Friday, 9 October 2009

Belhaven (#48) and Wexford (#49)

After an exciting weekend filled with interesting Eastern beers we come back to a more traditional way of reviewing beers. In the third episode of third season I'm about to review two islander beers. One Scottish and one Irish.

The video is also available on YouTube.



  • brewery: Belhaven brewery, Scotland
  • type of beer: Scottish Ale
  • bought in: a supermarket in Warsaw
  • container grade (can): big and rounded 


  • the looks: head (almost non existant), body (dark orange)
  • the taste: carmazine
  • the smell: malty




  • brewery: Greene brewery, Ireland
  • type of beer: cream ale
  • bought in: supermarket in Warsaw
  • container grade (can): standard but with cool widget inside


  • the looks: head (as thick as a cream), body (dark orange)
  • the taste: creamy but very watery beer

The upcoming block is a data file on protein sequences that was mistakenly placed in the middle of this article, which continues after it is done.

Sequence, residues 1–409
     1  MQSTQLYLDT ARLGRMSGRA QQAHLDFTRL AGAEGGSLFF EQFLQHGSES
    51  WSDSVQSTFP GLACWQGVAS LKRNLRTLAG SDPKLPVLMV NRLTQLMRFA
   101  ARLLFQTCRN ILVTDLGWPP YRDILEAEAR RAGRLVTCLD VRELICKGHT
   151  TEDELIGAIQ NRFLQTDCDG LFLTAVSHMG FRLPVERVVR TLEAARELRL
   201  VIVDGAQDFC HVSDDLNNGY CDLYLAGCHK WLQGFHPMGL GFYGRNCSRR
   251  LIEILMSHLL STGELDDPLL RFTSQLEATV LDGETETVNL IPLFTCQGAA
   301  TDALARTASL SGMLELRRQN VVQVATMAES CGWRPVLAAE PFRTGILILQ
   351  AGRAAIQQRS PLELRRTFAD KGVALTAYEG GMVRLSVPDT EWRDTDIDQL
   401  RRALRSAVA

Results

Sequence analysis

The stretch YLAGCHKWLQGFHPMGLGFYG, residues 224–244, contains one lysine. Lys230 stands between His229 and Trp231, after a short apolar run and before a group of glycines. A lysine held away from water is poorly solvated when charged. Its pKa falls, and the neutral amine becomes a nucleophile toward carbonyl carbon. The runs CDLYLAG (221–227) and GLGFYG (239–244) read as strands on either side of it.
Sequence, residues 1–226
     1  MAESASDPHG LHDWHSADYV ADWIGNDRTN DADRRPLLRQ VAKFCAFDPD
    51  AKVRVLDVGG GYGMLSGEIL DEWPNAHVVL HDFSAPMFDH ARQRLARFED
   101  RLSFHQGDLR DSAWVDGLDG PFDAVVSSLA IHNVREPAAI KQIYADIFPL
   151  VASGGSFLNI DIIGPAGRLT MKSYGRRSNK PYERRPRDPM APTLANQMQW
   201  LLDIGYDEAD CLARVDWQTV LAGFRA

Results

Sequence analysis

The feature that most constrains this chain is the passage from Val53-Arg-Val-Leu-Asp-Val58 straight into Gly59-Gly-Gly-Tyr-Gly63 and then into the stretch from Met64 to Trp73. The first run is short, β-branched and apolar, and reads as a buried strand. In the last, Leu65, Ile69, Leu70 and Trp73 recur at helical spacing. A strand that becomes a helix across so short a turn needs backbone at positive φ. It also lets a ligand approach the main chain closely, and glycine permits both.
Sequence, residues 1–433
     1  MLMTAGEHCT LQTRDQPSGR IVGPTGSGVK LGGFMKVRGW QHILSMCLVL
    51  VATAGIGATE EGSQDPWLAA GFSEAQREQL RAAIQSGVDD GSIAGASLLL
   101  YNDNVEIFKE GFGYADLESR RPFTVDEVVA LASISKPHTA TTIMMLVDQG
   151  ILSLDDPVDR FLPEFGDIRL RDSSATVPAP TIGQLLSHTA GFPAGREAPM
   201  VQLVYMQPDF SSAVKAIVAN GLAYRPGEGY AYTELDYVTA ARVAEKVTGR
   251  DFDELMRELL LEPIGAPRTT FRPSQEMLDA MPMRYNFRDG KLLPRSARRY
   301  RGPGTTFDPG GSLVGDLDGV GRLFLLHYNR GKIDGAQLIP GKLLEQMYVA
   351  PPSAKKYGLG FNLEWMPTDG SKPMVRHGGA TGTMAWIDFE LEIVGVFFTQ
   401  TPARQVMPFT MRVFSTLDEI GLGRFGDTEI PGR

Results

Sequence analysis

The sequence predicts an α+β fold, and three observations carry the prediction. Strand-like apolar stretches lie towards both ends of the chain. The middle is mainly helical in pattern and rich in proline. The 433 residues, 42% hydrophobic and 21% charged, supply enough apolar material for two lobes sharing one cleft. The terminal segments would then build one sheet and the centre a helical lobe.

• the smell: creamy head smell



  1. Hi, being Irish, I 'd like to point out that Wexford Ale is not actually Irish. It's made by Greene King in Suffolk, England. :)

    If it had any flavour to begin with, you can be sure it was dampened by the nitro widget :D

  2. Really? I thought I checked it thoroughly. As for the falvor you're probably right.


  3. Well, Wexford is certainly a county in Ireland, and it did have a few breweries as far as the end of the 19th century (maybe even to early/mid 20th). The marketing behind this beer suggests that it's based on a recipe from one of those breweries from 1810 (would love to know which one!). That's about as close as they'd get, as in reality, Cream Ale is not really a type of beer in Ireland, and the creaminess is more to do with the nitro widget (certainly not around in 1810! :D).

  4. Definitely the nitro widget killed that beer as I think about it now. The only good thing it does is cream and only eye wise.